Numerous vulnerabilities have been identified in Adobe's popular Flash Player that allow attackers to gain control over a user's PC and use it as a launching pad to obtain sensitive data, inject arbitrary code, launch cross-site scripting attacks and mount privilege escalation attacks on servers hosting cross-domain policy files.
Adobe confirmed this week that the flaws can be cured by upgrading to version 188.8.131.52 of Flash Player, after Denmark-based vulnerability monitor Secunia detailed 10 “highly critical” vulnerabilities in all previous versions of the multimedia application. Adobe also categorized the upgrade as “critical,” and it has begun phasing out earlier versions of Flash Player.
Adobe posted on its website an advisory warning that all of the versions of Flash Player that preceded version 184.108.40.206 are susceptible to attacks transmitted through the most commonly used proprietary graphics files, known as SWF files, that generate multimedia presentations on the application.
If an unsuspecting user downloads a corrupted SWF using the previous versions of Flash Player, the malicious file may be used by attackers to introduce arbitrary code to the user's PC, to conduct DNS rebinding attacks, and to inject arbitrary HTML and script code in a user's browser.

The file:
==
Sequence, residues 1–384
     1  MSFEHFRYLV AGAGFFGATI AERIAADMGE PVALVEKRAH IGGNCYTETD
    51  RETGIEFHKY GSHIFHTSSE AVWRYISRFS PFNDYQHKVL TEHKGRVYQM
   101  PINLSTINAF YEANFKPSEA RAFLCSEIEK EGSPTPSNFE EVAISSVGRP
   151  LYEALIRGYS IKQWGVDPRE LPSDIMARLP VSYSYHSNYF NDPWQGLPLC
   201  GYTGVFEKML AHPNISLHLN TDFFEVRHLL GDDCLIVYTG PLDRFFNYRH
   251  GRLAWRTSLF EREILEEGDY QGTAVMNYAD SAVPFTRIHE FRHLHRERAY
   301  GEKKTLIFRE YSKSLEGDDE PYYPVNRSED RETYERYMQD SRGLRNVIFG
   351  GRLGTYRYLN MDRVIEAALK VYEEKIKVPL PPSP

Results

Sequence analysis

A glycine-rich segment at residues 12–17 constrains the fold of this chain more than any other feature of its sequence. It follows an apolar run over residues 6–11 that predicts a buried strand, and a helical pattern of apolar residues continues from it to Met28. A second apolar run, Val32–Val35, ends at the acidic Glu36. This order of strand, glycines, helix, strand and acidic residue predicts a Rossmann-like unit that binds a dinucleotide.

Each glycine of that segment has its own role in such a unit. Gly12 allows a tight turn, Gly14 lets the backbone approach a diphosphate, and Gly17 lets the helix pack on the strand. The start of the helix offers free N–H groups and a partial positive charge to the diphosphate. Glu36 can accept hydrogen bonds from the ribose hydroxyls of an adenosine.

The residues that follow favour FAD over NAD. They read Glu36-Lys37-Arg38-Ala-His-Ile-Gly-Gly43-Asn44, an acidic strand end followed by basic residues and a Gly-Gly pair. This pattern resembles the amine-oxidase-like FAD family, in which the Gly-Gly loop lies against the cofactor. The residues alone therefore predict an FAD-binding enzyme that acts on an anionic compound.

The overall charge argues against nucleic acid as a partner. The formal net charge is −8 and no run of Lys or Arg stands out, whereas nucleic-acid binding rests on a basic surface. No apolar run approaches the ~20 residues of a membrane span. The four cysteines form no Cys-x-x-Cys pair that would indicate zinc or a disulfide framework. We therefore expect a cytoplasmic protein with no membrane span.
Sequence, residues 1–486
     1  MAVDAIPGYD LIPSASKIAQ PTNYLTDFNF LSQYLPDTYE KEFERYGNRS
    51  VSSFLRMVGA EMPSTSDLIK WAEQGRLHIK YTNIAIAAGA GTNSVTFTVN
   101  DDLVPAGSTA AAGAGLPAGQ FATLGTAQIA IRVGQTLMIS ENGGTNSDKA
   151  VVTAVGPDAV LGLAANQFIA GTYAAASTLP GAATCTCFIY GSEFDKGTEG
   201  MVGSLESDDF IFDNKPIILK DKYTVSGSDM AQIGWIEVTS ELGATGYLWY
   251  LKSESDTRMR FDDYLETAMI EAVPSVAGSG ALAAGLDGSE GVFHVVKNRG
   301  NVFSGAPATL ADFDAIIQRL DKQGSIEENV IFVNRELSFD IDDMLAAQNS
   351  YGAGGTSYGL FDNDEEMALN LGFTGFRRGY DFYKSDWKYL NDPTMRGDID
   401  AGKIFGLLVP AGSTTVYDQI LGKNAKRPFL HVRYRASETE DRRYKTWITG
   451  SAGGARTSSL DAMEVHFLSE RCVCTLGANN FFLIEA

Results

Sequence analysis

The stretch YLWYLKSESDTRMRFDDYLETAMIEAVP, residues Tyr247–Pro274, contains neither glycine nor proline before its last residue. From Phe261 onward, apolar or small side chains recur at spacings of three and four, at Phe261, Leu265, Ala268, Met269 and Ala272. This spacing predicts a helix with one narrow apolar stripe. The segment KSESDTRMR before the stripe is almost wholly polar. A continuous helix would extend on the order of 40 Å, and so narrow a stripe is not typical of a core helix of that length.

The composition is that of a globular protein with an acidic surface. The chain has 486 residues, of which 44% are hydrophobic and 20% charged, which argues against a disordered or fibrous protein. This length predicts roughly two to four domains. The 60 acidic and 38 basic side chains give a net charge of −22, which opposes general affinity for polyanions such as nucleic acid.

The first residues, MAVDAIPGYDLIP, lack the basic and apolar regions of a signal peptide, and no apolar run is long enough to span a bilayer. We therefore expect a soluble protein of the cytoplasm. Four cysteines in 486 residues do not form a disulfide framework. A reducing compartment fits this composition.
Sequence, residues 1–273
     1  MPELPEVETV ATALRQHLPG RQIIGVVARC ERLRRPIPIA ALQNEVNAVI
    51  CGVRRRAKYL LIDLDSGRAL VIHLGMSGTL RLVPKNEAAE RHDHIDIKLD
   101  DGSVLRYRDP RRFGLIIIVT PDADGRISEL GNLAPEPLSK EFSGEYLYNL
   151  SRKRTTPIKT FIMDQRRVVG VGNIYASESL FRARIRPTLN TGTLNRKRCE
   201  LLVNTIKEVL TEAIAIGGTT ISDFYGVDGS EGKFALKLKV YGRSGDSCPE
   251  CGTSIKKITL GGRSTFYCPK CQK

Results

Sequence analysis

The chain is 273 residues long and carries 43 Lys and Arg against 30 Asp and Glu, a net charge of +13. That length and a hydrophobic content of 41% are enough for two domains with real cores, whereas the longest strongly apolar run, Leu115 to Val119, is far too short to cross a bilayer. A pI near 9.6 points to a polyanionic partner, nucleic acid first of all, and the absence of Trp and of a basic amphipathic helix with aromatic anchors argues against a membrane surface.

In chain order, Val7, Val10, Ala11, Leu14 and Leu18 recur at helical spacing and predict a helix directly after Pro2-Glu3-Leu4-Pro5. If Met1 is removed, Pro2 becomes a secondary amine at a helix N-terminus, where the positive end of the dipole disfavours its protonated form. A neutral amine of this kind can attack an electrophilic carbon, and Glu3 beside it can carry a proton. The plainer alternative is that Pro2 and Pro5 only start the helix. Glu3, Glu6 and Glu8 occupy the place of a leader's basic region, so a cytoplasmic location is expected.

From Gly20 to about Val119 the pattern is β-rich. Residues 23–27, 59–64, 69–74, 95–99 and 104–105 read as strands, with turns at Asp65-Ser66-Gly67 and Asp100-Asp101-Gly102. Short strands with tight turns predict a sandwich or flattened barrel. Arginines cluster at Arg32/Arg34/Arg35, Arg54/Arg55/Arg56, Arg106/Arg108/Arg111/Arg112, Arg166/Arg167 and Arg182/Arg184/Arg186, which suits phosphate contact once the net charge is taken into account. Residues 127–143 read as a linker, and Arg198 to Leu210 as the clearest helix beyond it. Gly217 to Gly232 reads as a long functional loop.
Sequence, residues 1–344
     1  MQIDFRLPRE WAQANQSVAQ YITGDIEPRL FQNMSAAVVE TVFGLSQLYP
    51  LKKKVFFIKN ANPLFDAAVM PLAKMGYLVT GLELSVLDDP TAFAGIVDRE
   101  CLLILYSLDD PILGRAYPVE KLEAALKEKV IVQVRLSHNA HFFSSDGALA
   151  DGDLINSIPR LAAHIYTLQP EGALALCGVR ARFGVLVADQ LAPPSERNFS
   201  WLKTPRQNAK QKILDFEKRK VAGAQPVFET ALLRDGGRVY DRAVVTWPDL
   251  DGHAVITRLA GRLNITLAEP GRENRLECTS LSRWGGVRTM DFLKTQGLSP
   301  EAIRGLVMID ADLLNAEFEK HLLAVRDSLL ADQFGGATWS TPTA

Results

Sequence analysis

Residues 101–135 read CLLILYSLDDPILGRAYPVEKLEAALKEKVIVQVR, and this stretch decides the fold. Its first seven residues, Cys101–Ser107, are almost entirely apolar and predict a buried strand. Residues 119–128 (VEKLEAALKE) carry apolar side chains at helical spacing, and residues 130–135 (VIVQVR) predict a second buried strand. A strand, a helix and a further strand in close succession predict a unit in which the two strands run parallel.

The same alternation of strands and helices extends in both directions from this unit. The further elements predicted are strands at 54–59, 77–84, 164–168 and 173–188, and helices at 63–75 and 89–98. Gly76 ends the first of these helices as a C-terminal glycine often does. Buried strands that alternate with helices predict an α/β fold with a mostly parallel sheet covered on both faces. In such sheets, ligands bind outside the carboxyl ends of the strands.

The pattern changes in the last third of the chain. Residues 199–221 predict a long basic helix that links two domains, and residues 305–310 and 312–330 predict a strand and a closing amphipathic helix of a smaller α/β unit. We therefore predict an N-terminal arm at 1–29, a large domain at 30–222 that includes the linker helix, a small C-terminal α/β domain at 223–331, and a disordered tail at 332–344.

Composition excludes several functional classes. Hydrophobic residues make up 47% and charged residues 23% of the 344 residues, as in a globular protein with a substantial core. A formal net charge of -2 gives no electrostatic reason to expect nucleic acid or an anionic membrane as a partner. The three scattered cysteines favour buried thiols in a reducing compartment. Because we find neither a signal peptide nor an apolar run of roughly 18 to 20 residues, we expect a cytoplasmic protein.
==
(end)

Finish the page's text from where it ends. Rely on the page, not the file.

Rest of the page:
Other security vulnerabilities identified in the previous versions of Flash Player enable attackers to modify HTTP headers and conduct HTTP splitting requests, and to mount DNS rebinding attacks to establish arbitrary TCP sessions (in which a corrupted Flash movie file will open TCP sockets to arbitrary hosts).
The fact that Adobe addressed the Flash Player vulnerabilities by releasing a new version, rather than offering fixes for previous versions, underscores the critical nature of the application's vulnerabilities, Qualys technical accounts manager Jonathan Bitle told SCMagazineUS.com.
“Anyone with the capability to create an SWF file can mount an attack via [the previous versions of] Flash Player,” Bitle said, adding that attackers could leverage the vulnerability to exploit users with SWF files appearing to be from reputable sources.
Although the popularity of the Flash Player application raises the spector of attacks on a scale comparable to widespread phishing attacks that been proliferated via email, Bitle noted that unlike phishing emails – which can automatically generate attacks as soon as they are opened – users must actually download SWF files to be victimized by attacks disguised as Flash Player presentations.
Bitle said that the discovery of critical vulnerabilities in a popular application years after its introduction emphasizes the need for developers to increase their focus on potential security issues.
“Everyone needs to take their game to the next level in terms of proper coding that focuses on security and potential vulnerabilities,” he said.